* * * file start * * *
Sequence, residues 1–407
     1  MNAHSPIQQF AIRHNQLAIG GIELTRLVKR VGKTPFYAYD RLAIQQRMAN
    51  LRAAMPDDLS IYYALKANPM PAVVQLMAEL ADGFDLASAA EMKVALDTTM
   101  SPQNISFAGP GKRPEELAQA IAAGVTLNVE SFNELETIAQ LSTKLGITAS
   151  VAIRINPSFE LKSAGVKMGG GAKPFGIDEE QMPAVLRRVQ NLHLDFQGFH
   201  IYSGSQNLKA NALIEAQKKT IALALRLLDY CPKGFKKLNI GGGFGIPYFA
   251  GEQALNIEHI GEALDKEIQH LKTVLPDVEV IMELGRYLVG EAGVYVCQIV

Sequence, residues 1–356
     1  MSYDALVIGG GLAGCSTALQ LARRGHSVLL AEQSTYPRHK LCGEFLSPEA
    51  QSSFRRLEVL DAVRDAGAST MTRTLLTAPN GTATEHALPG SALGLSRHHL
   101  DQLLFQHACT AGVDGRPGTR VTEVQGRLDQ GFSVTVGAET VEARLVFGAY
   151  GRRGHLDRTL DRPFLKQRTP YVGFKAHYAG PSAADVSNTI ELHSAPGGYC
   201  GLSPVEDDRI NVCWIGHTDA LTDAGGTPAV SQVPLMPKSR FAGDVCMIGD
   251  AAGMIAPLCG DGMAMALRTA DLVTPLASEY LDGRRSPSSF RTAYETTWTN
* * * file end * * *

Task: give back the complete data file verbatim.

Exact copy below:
Sequence, residues 1–407
     1  MNAHSPIQQF AIRHNQLAIG GIELTRLVKR VGKTPFYAYD RLAIQQRMAN
    51  LRAAMPDDLS IYYALKANPM PAVVQLMAEL ADGFDLASAA EMKVALDTTM
   101  SPQNISFAGP GKRPEELAQA IAAGVTLNVE SFNELETIAQ LSTKLGITAS
   151  VAIRINPSFE LKSAGVKMGG GAKPFGIDEE QMPAVLRRVQ NLHLDFQGFH
   201  IYSGSQNLKA NALIEAQKKT IALALRLLDY CPKGFKKLNI GGGFGIPYFA
   251  GEQALNIEHI GEALDKEIQH LKTVLPDVEV IMELGRYLVG EAGVYVCQIV

Sequence, residues 1–356
     1  MSYDALVIGG GLAGCSTALQ LARRGHSVLL AEQSTYPRHK LCGEFLSPEA
    51  QSSFRRLEVL DAVRDAGAST MTRTLLTAPN GTATEHALPG SALGLSRHHL
   101  DQLLFQHACT AGVDGRPGTR VTEVQGRLDQ GFSVTVGAET VEARLVFGAY
   151  GRRGHLDRTL DRPFLKQRTP YVGFKAHYAG PSAADVSNTI ELHSAPGGYC
   201  GLSPVEDDRI NVCWIGHTDA LTDAGGTPAV SQVPLMPKSR FAGDVCMIGD
   251  AAGMIAPLCG DGMAMALRTA DLVTPLASEY LDGRRSPSSF RTAYETTWTN